Green Tea as a Functional Food

Functional foods are foods with positive health effects that extend beyond their nutritional value. All foods are functional to some extent because all foods provide taste, aroma and nutritive value. However, foods which provide added physiological benefits, which may reduce chronic disease risk, called the functional foods are of great interest globally for health optimization.

Some of the foods that have been identified, through research, as possessing the ability to help reduce the risk of chronic diseases are:

Oats, soy, psyllium fibre, fatty fish, cranberry juice, green tea, garlic, probiotics and prebiotics, fermented dairy products, green leafy vegetables and tomatoes to name a few.

The physiologically active compounds in these foods, which have the capability to reduce the risk of chronic diseases, are called the bioactive factors.

How is Green tea a Functional Food and what are its bioactive agents?

Green tea or the freshly harvested, least processed and non-fermented leaves of the plant Camellia sinensis, can be considered as a functional food because of its proven properties, it is anti-oxidant, anti-microbial, antifungal, cancer preventive, cardio-protective. The health benefits of green tea are mainly due to the presence of high levels of the bioactive compounds, the polyphenols especially flavanol catechins. The main catechins in green tea are epicatechin (EC), epicatechin-3-gallate (ECG), epigallocatechin (EGC) and epigallocatechin-3-gallate (EGCG). Green tea also contains vitamins and minerals such as ascorbic acid, riboflavin, niacin, folic acid, magnesium, potassium, manganese and fluoride.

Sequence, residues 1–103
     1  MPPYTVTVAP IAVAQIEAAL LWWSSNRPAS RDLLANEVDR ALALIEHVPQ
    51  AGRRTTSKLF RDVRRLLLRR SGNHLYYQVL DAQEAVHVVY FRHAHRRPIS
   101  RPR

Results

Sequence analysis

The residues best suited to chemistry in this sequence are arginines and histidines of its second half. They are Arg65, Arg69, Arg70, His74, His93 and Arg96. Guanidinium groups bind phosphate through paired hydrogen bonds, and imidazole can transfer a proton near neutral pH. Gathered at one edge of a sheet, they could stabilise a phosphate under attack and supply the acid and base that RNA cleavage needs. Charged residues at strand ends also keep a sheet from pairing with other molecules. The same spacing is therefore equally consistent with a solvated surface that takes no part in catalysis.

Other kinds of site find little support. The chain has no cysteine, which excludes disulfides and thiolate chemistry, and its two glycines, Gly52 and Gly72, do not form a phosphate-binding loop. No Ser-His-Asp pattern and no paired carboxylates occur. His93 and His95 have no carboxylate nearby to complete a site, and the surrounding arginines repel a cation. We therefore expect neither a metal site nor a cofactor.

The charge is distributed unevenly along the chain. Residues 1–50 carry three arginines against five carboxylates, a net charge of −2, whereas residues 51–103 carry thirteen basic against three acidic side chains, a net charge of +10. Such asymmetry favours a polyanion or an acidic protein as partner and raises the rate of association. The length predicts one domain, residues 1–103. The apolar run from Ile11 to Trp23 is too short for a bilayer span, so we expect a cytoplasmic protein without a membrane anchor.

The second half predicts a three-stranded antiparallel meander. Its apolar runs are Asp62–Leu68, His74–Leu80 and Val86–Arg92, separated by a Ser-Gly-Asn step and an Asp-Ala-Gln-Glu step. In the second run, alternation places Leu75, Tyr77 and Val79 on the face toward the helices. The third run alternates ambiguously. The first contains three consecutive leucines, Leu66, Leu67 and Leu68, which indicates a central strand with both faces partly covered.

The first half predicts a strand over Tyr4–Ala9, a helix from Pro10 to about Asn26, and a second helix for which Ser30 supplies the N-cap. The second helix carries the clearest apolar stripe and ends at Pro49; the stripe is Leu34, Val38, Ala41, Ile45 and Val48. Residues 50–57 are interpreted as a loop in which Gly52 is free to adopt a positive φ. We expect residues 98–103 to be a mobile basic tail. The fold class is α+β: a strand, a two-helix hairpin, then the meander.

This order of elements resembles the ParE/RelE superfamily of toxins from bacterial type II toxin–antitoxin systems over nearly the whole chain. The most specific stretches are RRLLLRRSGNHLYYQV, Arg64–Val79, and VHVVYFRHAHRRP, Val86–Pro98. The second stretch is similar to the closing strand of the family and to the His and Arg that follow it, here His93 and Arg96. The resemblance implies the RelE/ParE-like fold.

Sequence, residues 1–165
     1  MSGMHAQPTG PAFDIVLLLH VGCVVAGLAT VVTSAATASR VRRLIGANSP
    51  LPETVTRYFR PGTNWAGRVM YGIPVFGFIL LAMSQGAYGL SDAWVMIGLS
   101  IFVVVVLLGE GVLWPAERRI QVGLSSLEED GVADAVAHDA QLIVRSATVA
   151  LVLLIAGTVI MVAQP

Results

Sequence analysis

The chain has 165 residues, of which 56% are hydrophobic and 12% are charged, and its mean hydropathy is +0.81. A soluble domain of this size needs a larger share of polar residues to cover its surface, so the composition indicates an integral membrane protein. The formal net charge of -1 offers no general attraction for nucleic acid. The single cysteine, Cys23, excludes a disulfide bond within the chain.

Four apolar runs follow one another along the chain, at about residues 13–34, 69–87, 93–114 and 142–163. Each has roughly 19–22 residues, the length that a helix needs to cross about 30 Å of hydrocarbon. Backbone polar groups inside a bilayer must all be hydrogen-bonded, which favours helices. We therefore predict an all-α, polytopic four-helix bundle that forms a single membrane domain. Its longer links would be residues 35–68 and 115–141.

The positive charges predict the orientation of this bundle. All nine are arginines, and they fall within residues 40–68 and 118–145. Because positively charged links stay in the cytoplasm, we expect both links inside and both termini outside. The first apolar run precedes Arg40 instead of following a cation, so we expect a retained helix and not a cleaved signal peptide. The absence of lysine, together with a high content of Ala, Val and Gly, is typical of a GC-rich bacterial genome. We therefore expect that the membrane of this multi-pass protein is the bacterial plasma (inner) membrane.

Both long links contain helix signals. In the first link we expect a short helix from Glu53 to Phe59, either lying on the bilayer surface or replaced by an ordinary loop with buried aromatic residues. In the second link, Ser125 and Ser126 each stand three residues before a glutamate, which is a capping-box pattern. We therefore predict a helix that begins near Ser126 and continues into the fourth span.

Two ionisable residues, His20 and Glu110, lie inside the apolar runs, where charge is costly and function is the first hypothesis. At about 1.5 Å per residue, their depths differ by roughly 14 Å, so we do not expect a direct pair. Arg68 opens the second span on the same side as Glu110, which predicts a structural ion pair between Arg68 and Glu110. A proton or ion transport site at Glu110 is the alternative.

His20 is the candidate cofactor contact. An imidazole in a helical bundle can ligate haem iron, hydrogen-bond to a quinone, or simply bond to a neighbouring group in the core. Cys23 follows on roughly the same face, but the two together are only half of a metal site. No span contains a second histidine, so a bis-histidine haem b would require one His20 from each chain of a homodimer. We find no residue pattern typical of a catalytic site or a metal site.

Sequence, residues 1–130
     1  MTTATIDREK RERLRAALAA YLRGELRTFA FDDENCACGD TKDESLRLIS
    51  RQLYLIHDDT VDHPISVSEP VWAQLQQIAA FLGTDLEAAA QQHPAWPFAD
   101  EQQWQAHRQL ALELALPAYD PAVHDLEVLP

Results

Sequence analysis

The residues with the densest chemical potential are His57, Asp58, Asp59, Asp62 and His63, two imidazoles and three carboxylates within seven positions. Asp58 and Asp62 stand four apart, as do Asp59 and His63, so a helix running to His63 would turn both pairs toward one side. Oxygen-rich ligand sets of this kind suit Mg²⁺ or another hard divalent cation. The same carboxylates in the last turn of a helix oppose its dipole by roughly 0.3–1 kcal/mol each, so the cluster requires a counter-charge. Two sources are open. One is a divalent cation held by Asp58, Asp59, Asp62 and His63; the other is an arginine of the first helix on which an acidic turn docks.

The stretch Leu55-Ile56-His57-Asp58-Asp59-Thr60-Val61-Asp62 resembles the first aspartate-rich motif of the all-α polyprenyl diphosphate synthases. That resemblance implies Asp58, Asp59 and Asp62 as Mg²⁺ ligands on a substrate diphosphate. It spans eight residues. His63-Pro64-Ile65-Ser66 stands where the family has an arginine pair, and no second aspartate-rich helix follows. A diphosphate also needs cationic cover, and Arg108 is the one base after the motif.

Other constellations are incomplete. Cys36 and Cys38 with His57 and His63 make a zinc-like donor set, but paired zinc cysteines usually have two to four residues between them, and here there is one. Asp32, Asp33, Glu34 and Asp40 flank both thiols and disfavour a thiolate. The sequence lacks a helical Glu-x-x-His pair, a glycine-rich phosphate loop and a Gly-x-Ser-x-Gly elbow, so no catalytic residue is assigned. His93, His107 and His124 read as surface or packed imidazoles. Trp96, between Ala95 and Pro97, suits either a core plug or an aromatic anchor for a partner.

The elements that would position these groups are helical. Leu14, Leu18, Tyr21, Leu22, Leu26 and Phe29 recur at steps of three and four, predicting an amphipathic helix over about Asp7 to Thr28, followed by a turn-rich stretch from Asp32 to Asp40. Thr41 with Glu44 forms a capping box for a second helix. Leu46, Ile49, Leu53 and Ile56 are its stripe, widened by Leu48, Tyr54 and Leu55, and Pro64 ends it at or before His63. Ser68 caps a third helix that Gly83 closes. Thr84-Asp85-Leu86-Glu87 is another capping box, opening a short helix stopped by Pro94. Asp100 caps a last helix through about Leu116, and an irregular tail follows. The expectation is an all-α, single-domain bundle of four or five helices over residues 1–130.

Studies have shown that the polyphenol concentration of green tea is much more than that of black tea, which is approximately 30-40% as compared to 3-10% in black tea. This results in higher anti-oxidant activity as compared to black tea.

Polyphenols, the bioactive agents of green tea are strong anti-oxidants and free-radical scavengers. Also, these are soluble in water. Therefore, steeping the tea leaves in hot water just before boiling, for 3-4 minutes releases the health promoting compounds.

This extract helps in detoxification, that is removal of disease-causing harmful toxins from the body, as so provides protection against many chronic diseases.

Method of preparation:

  • Heat water up to just before boiling point.
  • Steep green tea leaves in hot water for 3-4 minutes.
  • Strain and consume hot.
  • Lemon juice and honey can also be added for increased benefit and absorption.

Do not add milk as milk reduces the absorption of the polyphenols, the beneficial compounds and thus reduces its effectiveness.

Used leaves can be ground into a paste and applied to skin for improving its tone and removing blemishes. The concoction and past both can be used as face wash, face pack, for acne, and also for skin rashes and burns.

Green tea is these days available with addition of many herbs and the regular kitchen spices. These add to its health promoting aspects. Herbs like ashwgandha, lavender, saffron and turmeric are added to improve its anxiolytic properties. Ginger, turmeric, tulsi, lemon rind and chamomile enhance green tea antioxidative or detox potential. Cinnamon, sage, and certain berries add on to its anti-inflammatory qualities.

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